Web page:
Contrast enhancement pattern on multidetector CT predicts malignancy in pancreatic endocrine tumours
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Preoperative suspicion of malignancy in pancreatic neuroendocrine tumours (pNETs) is mostly based on tumour size. We retrospectively reviewed the contrast enhancement pattern (CEP) of a series of pNETs on multiphasic multidetector computed tomography (MDCT), to identify further imaging features predictive of lesion aggressiveness.
Sixty pNETs, diagnosed in 52 patients, were classified based on CEP as: type A showing early contrast enhancement and rapid wash-out; type B presenting even (B1) or only (B2) late enhancement. All tumours were resected allowing pathologic correlations.
Nineteen pNETs showed type A CEP (5–20 mm), 29 type B1 CEP (5–80 mm) and 12 type B2 (15–100 mm). All tumours were classified as well differentiated tumours, 19 were benign (WDt-b), 15 with uncertain behaviour (WDt-u) and 26 carcinomas (WDC). None of A lesions were malignant (12 WDt-b; 7 WDt-u), all B2 lesions were WDC, 7 B1 lesions were WDt-b, 8 WDt-u and 14 WDC; 4/34 (12 %) lesions ≤2cm were WDC.
CEP showed correlation with all histological prognostic indicators.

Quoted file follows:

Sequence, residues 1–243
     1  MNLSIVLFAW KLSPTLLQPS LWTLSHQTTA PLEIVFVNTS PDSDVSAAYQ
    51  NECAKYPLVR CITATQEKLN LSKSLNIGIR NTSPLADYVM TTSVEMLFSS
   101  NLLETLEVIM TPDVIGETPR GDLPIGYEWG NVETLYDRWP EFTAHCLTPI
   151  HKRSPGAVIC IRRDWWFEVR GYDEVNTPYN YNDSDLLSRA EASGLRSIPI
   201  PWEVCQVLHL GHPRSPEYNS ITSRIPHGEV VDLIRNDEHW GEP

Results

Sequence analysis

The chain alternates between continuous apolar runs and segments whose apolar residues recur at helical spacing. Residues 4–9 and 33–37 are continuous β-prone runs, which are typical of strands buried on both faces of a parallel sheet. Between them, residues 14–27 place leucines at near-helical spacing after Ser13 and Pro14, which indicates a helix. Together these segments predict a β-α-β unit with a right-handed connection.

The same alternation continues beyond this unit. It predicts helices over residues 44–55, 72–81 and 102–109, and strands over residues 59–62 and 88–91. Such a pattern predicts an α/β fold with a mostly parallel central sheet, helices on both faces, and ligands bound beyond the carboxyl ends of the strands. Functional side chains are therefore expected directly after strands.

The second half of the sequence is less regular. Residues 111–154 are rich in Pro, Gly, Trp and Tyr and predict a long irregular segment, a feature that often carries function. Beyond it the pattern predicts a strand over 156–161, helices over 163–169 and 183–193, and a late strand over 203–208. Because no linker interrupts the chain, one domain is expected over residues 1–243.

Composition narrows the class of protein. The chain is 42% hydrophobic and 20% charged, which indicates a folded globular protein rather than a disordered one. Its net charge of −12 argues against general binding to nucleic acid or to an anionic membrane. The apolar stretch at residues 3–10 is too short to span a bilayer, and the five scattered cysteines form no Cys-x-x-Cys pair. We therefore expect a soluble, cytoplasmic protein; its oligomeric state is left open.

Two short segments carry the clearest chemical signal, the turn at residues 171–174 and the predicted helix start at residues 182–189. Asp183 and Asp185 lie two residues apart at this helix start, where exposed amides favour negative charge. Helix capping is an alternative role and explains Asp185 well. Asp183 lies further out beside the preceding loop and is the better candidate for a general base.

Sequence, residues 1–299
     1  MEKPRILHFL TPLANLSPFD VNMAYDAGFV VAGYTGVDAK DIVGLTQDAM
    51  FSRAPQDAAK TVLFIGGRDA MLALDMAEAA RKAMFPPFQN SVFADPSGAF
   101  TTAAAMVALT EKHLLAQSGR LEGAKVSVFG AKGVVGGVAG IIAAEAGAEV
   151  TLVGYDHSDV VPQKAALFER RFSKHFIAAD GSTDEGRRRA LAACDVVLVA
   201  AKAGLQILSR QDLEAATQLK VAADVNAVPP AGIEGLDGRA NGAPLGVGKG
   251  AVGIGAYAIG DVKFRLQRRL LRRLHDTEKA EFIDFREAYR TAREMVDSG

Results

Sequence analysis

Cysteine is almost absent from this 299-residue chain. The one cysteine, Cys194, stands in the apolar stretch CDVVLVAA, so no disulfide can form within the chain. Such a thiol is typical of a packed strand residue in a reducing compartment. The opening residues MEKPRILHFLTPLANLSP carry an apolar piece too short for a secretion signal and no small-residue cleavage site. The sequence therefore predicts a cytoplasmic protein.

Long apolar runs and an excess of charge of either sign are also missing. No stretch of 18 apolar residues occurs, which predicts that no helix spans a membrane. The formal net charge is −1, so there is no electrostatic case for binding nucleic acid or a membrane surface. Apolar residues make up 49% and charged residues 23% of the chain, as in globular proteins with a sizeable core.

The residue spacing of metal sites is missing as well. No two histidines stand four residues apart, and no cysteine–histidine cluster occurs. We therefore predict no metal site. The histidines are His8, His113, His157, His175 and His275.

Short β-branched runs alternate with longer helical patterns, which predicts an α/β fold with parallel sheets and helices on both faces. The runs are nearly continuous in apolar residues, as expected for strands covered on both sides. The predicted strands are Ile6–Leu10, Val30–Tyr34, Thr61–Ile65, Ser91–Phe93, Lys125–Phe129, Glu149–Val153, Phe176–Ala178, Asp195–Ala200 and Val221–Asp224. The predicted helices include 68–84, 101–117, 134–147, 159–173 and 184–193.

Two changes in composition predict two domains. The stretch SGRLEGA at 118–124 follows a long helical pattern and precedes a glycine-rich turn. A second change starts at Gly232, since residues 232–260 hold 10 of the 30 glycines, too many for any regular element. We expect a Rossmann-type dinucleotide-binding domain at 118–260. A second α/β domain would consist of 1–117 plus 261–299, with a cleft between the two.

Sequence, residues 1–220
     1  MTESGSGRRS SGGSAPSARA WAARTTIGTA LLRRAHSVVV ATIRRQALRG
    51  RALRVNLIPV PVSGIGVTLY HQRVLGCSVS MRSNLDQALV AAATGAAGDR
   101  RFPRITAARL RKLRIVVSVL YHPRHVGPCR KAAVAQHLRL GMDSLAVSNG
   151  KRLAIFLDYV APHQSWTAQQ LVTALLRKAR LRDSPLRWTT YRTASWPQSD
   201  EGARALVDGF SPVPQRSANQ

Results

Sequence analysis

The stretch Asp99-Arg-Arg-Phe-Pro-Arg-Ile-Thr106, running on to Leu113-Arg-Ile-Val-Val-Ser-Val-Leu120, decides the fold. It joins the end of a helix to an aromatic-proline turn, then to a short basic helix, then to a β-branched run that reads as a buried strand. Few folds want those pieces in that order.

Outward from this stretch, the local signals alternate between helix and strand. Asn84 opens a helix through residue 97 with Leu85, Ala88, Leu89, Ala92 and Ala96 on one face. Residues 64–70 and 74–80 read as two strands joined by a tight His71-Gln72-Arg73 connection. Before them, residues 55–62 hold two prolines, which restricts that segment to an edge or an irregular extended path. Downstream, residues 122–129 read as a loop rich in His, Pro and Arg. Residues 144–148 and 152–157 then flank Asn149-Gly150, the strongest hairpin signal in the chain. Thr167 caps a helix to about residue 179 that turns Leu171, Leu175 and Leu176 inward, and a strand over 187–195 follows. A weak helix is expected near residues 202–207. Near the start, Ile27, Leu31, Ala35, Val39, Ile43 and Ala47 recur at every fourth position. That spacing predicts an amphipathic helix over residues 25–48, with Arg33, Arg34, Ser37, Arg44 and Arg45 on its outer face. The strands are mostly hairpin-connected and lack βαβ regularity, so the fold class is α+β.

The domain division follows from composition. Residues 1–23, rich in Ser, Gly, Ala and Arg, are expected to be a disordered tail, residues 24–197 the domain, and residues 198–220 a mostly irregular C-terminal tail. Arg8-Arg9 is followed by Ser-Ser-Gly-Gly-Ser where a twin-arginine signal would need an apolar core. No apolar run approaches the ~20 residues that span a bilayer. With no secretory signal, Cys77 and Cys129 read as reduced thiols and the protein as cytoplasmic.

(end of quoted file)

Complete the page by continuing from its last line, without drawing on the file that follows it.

Correlating with the lesion grading and other histological prognostic predictors, CEP may preoperatively suggest the behaviour of pNETs, assisting decisions about treatment. Moreover CEP allows recognition of malignant small tumours, incorrectly classified on the basis of their dimension.
• Neuroendocrine pancreatic tumours (pNETs) show different post-contrast behaviour on CT.
• P NETs can be classified on the basis of contrast enhancement into three categories.
• CT classification of pNETs shows strong correlation with histological prognostic factors.
• CT pattern may suggest the optimal management of pNETs.
KeywordsPancreas Neuroendocrine tumours Multidetector computed tomography Prognosis Neoplasm grading
The scientific guarantor of this publication is Salvatore Mazzeo M.D. The authors of this manuscript declare no relationships with any companies whose products or services may be related to the subject matter of the article. The authors state that this work has not received any funding. No complex statistical methods were necessary for this paper. Institutional review board approval was not required because our study is a retrospective review of standard preoperative CT examinations. Written informed consent was not required for this study because our study is a retrospective review of standard preoperative CT examinations. Methodology: retrospective, diagnostic or prognostic study, performed at one institution.
Conflict of interest